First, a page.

The KGB Comes to Hollywood
According to Munn, Welles’ sources for the story were âexcellent.’ Alexei Kapler, a Russian filmmaker who was imprisoned for having an affair with Stalin’s teenage daughter, Svetlana, told Sergei Bondachuk, a fellow movie maker, about Stalin’s order to murder John Wayne. He was skeptical until yet another Russian filmmaker, Sergei Gerasimov, confirmed the tale. Gerasimov had attended a peace conference in New York in 1949 and allegedly informed Stalin of Wayne’s immense popularity. Perhaps Stalin was concerned that Wayne’s global stardom and anti-communist views were a toxic mix. It seems far-fetched, but given Stalin’s paranoia, it is not impossible.
Munn continues the tale by saying that Wayne once told him a stuntman named Yakima Canutt had saved his life in the early 1950s, probably in 1951. When Munn asked Canutt what the screen legend meant, he was amazed by the stuntman’s response. According to Canutt, the FBI found that that there were KGB agents in Hollywood with the task of killing Wayne. The FBI supposedly told the movie star about the plot, but instead of allowing the agency to protect him, Wayne said to let the agents come, and he would deal with them.
He devised a plot, with the aid of his scriptwriter, Jimmy Grant, to abduct the would-be assassins, drive them to a secluded beach and stage a fake execution to frighten them. This certainly sounds more like the absurd plot of a movie than real life. Surely Wayne was not so naÃ¯ve as to think he and his band of merry movie men could outsmart and scare trained KGB hitmen? Not so, according to Munn.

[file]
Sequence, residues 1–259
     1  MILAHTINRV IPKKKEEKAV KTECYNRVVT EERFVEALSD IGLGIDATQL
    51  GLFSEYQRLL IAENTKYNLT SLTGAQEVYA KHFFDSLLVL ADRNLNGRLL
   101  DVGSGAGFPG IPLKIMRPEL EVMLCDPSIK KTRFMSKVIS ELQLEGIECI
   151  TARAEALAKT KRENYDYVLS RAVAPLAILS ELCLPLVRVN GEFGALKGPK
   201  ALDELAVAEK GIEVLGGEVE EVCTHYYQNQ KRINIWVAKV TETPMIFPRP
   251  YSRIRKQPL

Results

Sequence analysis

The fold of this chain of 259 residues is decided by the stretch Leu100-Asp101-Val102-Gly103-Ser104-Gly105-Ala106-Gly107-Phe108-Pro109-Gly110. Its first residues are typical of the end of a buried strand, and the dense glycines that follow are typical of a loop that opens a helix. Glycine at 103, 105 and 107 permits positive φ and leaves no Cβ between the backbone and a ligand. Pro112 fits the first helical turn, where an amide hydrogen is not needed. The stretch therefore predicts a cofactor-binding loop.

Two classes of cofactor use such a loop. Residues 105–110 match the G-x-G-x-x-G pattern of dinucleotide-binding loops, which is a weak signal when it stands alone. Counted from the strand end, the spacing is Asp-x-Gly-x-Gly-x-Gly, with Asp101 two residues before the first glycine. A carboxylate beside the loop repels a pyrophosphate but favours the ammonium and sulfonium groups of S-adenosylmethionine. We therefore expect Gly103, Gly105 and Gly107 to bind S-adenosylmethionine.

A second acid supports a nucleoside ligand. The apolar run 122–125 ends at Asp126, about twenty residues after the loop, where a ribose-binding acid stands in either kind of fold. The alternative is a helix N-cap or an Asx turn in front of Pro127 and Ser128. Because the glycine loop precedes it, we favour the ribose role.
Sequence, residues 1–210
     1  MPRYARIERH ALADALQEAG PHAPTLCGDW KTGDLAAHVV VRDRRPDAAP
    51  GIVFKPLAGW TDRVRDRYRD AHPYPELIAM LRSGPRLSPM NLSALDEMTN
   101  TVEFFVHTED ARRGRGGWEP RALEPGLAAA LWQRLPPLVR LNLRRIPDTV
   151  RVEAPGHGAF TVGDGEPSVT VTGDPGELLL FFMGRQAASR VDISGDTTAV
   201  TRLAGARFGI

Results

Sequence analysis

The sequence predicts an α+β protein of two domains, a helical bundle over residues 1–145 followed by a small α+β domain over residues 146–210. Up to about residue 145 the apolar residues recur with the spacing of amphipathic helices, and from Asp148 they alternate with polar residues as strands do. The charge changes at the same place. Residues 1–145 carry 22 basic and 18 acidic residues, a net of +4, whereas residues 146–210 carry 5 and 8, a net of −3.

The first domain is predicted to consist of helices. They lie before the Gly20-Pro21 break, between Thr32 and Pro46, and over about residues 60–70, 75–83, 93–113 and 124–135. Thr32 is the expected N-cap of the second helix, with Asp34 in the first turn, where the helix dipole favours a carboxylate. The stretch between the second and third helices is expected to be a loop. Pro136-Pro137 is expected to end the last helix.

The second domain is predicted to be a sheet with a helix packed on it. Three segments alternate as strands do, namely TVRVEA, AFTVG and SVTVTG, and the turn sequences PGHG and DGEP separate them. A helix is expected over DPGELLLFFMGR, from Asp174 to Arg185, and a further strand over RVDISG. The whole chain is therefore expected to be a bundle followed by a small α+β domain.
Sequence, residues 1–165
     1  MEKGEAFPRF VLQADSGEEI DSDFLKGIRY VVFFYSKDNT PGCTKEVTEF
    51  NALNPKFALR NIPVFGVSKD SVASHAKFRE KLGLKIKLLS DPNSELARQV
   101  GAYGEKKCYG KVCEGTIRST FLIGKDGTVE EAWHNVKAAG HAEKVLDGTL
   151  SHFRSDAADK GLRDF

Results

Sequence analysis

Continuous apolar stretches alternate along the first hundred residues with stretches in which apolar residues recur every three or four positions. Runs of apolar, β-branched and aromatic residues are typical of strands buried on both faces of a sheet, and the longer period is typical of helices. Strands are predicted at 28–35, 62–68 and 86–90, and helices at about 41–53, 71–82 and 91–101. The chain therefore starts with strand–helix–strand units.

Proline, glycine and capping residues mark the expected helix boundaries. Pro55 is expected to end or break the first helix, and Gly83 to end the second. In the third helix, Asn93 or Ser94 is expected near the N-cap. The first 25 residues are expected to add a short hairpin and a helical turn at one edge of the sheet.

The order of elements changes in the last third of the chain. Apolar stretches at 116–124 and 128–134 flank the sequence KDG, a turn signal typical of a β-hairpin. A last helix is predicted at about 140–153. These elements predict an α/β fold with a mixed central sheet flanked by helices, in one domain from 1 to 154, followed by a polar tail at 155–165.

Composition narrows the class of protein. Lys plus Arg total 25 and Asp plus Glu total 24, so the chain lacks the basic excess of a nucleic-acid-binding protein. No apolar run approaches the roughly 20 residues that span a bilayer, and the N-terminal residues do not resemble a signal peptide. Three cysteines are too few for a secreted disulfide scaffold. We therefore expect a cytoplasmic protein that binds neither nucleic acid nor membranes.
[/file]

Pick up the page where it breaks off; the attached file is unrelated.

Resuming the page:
This tale comes from the chapter entitled âAssassins’ in Munn’s book and reads like fiction although readers are invited to make up their own minds. Grant and Wayne apparently knew the KGB agents were coming for them and told the FBI agents to hide in another room in Wayne’s office at Warner’s. Two Russian agents showed up at nightfall and spoke with perfect American accents. They showed FBI credentials to the guard on duty and were waved through.
Once the KGB agents entered the office, the FBI men came into the room and held the would-be assassins at gunpoint. They were driven to a remote beach where Wayne and Grant each held a gun, filled with blanks, to each KGB agent’s head. Wayne counted to three and fired. It took the agents a few seconds to realize they were not dead. Wayne turned to the FBI men and said: “Send them back to Russia.”
The terrified agents said: “No! Please! Don’t send us back to Stalin. We will both die.” At this point, it seems as if the two men were more frightened of returning home as failures than dying on that remote beach. They offered to start working for the FBI to avoid a ghastly fate in the Soviet Union. If you think this story is preposterous, Munn isn’t finished yet.